March 1992
Volume 33, Issue 3
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Articles  |   March 1992
Prenatal morphogenesis of primate extraocular muscle: neuromuscular junction formation and fiber type differentiation.
Author Affiliations
  • J D Porter
    Department of Anatomy and Neurobiology, University of Kentucky Medical Center, Lexington 40536-0084.
  • R S Baker
    Department of Anatomy and Neurobiology, University of Kentucky Medical Center, Lexington 40536-0084.
Investigative Ophthalmology & Visual Science March 1992, Vol.33, 657-670. doi:
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      J D Porter, R S Baker; Prenatal morphogenesis of primate extraocular muscle: neuromuscular junction formation and fiber type differentiation.. Invest. Ophthalmol. Vis. Sci. 1992;33(3):657-670.

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Abstract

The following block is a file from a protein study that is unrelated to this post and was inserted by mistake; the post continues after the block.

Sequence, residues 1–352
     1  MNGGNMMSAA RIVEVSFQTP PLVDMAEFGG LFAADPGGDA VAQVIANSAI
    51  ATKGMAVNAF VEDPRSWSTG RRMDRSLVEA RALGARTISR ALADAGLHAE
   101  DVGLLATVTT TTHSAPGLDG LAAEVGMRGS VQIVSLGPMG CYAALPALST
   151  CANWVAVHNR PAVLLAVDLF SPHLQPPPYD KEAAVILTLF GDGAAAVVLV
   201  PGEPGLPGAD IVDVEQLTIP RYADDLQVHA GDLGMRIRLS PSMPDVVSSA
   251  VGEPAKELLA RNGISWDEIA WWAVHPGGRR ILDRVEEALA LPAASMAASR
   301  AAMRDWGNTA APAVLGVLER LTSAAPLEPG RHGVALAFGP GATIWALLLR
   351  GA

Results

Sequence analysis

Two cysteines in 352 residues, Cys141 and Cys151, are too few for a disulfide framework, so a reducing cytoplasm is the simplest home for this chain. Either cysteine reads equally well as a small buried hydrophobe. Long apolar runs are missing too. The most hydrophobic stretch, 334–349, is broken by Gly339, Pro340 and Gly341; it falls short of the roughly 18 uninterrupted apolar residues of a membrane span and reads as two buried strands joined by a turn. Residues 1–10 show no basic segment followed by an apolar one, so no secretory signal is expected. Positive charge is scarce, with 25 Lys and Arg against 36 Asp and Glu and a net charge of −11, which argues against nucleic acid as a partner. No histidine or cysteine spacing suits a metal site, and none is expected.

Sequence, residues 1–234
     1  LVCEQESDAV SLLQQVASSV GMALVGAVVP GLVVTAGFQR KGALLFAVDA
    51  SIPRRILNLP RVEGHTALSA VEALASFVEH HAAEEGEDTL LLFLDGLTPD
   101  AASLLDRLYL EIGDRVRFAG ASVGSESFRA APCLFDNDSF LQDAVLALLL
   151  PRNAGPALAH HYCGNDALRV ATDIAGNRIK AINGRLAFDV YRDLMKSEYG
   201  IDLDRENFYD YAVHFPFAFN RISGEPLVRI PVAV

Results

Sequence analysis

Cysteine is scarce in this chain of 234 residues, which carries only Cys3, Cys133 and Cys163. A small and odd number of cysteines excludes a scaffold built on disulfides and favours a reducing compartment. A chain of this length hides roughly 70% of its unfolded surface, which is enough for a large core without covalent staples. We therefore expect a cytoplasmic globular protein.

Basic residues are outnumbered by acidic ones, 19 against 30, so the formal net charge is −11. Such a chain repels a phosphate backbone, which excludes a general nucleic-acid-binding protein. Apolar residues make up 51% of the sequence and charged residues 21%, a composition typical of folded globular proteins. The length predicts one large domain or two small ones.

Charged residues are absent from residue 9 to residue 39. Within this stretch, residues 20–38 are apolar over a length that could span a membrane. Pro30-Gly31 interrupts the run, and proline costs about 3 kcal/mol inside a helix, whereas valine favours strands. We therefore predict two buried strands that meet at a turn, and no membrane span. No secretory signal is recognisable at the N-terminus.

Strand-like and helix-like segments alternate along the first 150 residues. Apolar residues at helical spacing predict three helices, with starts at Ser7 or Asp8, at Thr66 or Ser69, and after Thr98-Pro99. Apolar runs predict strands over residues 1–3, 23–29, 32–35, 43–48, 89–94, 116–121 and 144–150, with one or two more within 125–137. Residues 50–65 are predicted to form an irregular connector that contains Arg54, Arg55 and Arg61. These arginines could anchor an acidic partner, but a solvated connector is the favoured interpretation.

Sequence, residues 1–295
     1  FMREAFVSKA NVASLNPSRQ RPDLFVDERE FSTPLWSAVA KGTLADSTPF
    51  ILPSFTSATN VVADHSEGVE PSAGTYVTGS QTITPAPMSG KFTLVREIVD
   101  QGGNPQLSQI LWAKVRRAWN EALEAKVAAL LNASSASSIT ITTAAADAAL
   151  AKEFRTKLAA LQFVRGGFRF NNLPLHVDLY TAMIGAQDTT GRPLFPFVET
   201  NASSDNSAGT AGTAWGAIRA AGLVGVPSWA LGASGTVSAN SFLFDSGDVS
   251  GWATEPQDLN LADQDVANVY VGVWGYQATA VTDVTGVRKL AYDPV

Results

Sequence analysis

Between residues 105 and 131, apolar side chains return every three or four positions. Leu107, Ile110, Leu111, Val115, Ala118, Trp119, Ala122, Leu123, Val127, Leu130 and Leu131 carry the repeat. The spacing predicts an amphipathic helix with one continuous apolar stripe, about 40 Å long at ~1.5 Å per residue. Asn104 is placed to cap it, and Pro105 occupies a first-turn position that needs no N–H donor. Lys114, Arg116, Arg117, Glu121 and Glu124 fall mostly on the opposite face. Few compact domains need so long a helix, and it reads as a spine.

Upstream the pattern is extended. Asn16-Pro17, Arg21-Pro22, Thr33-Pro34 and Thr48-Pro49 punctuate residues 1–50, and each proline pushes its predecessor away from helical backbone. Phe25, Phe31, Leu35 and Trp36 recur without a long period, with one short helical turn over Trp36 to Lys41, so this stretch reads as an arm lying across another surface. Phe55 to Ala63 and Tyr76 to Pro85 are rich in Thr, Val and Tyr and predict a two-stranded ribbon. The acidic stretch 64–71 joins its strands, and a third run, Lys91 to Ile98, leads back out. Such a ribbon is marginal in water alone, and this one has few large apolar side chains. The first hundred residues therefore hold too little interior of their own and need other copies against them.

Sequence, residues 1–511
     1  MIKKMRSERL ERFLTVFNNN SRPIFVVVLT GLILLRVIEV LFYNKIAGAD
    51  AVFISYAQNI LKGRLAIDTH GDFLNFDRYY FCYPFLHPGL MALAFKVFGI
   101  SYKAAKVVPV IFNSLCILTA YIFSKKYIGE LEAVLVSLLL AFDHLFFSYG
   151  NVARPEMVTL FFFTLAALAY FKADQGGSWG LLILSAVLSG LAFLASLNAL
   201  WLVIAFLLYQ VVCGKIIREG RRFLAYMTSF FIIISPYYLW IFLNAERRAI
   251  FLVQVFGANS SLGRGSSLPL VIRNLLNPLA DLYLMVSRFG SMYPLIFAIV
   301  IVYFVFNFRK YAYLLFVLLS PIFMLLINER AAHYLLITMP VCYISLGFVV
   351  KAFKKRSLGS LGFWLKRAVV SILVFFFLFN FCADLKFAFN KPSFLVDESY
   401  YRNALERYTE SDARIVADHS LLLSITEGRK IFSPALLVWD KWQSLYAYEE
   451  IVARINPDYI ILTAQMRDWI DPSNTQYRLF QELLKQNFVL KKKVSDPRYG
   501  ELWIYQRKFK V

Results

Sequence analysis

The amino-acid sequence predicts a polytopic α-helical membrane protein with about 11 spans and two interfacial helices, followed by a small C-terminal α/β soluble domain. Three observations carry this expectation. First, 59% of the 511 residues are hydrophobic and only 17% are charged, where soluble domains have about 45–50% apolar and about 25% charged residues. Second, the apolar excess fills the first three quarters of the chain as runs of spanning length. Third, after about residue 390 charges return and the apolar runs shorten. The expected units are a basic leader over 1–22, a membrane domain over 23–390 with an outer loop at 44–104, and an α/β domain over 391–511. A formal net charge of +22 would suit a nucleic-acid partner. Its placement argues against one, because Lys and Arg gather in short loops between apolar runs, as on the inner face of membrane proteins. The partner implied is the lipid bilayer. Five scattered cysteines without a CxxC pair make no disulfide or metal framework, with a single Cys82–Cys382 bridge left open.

Extraocular muscle represents a distinctive class among mammalian skeletal musculature in exhibiting the full range of muscle fiber type variability found in vertebrate species. To better understand the basis for the unique structural/functional diversity of extraocular muscle, the ontogeny of lateral rectus muscles was studied in Macaca nemestrina fetuses of 62-156 days gestation using light and electron microscopy. At E62, myotubes and myofibers are evident, but fiber-type differentiation has not yet occurred and neuromuscular junctions are primitive. By E92, presumptive singly and multiply innervated fiber types could be distinguished on the basis of myofibril delineation. Like other skeletal muscles, extraocular myogenesis proceeds through at least two generations of myofibers. All primary and secondary myofibers were generated and were maturing by E121. The phylogenetically "old" global multiply innervated fiber type was the first to attain adult form. This was followed by maturation of global layer singly innervated fiber types, which are developed by E156, except for attainment of definitive size and mitochondrial content. Orbital layer fiber types, particularly the orbital singly innervated fiber, are the last to mature. Neuromuscular junction maturation paralleled the changes observed during fiber-type differentiation. In summary, the sequential development of their constituent muscle fiber types may reflect the functional pressures the extraocular muscles are exposed to by maturing visual and visuomotor systems. In particular, ontogenic and phylogenic changes observed in the orbital singly innervated fiber type may have direct implications for the types, range, and precision of eye movements used by different species and at different gestational ages.

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